The pictorial alphabet of James English Leary is comprised of recurring forms enacted as monochromes of various sizes and colors. Constructed as shaped canvases, the works loosely trace the outlines of truncated four-fingered hands, which in their profusion constitute a vocabulary of gestures giving each work (along with the color) its title: Red Middle Finger, Grey Sign of the Horns, Green Pointer, Lemon Yellow Double Middle Finger, etc.

The pieces are often placed on the floor leaning against the wall and are sometimes installed upside-down or at 45 degrees as if they were turning in on themselves. The arrangement of these works does not have a predefined meaning; rather they play off of themselves, pointing and gesturing to rearrange the spaces they inhabit. Similarly, various canvases are stacked by size forming random compositions of color. These configurations are not fixed and can be changed depending on the circumstances.

It is an open language, akin to a game of signs offering a multitude of possibilities without true restrictions. Their soft appearance (there are no hard-right angles) invites an experience of semi- figuration which depending on their orientation and relations can invoke a torso, a face, breasts, or a penis and balls. Occasionally other body parts are added to the hand: a pair of lips or a nose that seem to want to escape the frame.

The palette used by Leary begins with the primary – red, yellow, blue – which, once mixed, produce ranges of violet, green and orange. The juxtaposition of colored masses and the volume of painted objects that vibrate and burst are not unrelated to the Pop Art of the design firm MEMPHIS. Leary’s forms seem equally indebted to American comic artists, like Robert Crumb, as to 3D forms conceived in a craftsman style. But it is undoubtedly in Philip Guston that we find the strongest influence. The diptych Totalitarian Bebop (2015), which depicts five hands with smoking cigarettes, is a direct reference to the master’s themes. Further influence can be seen in the use of red and pink found in Cameo (2014) and in the few works of unambiguous figuration Emo Figure (Orange and Brown heads) (2017), Emo Figure (Love Streams) (2017), and Emo Figure w/Groove (2017). The painting Emo Figure (Orange and Brown Heads), which is missing a corner and a part of the head, is not a portrait of a particular person, but a mood piece which thwarts the plan of the rest of the paintings. This figure both observes the rest of the exhibition and is woven into it.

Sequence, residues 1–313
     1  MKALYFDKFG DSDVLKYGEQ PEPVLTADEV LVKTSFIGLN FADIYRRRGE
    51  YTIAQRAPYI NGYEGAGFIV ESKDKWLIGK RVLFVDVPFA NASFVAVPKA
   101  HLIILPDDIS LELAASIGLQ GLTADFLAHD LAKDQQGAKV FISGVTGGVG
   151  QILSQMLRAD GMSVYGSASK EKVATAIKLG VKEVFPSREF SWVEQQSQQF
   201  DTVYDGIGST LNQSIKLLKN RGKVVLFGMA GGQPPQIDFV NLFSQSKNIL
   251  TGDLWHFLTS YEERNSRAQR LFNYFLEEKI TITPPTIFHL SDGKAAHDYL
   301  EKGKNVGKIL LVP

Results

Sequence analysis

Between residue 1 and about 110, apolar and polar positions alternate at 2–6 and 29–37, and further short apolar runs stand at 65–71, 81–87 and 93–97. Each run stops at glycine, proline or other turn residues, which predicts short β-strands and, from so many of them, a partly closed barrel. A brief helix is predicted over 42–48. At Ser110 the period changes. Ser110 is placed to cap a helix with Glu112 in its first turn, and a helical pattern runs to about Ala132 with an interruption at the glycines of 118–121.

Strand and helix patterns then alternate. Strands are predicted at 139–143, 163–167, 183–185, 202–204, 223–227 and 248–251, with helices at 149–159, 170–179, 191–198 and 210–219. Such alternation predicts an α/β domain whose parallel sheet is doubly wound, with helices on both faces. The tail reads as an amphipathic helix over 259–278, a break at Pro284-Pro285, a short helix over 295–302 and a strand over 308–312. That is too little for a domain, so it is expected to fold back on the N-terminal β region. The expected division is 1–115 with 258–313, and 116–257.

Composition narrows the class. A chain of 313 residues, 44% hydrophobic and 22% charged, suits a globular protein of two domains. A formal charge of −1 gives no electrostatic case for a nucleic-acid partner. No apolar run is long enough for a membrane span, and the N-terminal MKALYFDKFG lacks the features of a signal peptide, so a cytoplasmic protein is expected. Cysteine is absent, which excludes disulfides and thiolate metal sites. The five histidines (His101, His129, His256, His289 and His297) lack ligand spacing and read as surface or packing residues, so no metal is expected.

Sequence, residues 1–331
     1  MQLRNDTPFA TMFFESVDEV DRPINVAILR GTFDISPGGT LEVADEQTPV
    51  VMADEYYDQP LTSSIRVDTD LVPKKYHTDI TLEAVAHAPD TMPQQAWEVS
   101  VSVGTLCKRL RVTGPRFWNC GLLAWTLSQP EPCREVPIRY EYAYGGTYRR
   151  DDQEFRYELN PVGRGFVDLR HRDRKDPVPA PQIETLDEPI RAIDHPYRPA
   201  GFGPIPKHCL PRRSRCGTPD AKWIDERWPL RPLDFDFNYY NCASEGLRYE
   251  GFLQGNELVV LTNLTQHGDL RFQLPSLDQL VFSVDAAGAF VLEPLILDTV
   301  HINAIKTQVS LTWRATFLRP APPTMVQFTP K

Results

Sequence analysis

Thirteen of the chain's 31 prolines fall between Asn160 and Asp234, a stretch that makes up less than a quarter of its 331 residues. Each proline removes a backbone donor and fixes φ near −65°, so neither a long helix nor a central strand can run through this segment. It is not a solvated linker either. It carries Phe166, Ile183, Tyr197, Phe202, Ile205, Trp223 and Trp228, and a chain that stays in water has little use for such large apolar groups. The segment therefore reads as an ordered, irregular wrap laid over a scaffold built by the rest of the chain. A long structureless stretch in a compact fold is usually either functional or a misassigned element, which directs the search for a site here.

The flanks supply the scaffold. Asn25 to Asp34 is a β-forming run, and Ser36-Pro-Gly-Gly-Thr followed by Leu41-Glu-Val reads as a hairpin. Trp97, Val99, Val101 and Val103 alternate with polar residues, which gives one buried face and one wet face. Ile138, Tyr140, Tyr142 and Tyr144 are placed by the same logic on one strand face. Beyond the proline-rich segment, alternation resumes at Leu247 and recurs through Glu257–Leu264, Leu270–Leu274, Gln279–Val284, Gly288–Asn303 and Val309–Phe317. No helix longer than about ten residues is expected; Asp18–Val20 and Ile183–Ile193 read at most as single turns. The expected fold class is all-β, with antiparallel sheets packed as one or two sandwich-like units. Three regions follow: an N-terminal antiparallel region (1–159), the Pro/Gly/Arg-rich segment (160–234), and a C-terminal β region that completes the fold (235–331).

In this puzzle of abstract figures, there is a semantic where the signified – the hand – points to what the artist creates but also to what he wishes to express beyond form:

The hand is an instrument of invention, self-expression, agency and destructive will. The hands point, signal, gesture, reach out. There are little stories you can start to project onto them (especially when they are in groups with each other) – affection, submission, protection, communication, protest. And I like that when they are piled up they become a ‘crowd’ all clamoring for attention.

One can therefore understand the title of the exhibition, Barn Burner, which refers to a radical political group of the 19th century New York Democratic Party.

 

Text by Nicolas Trembley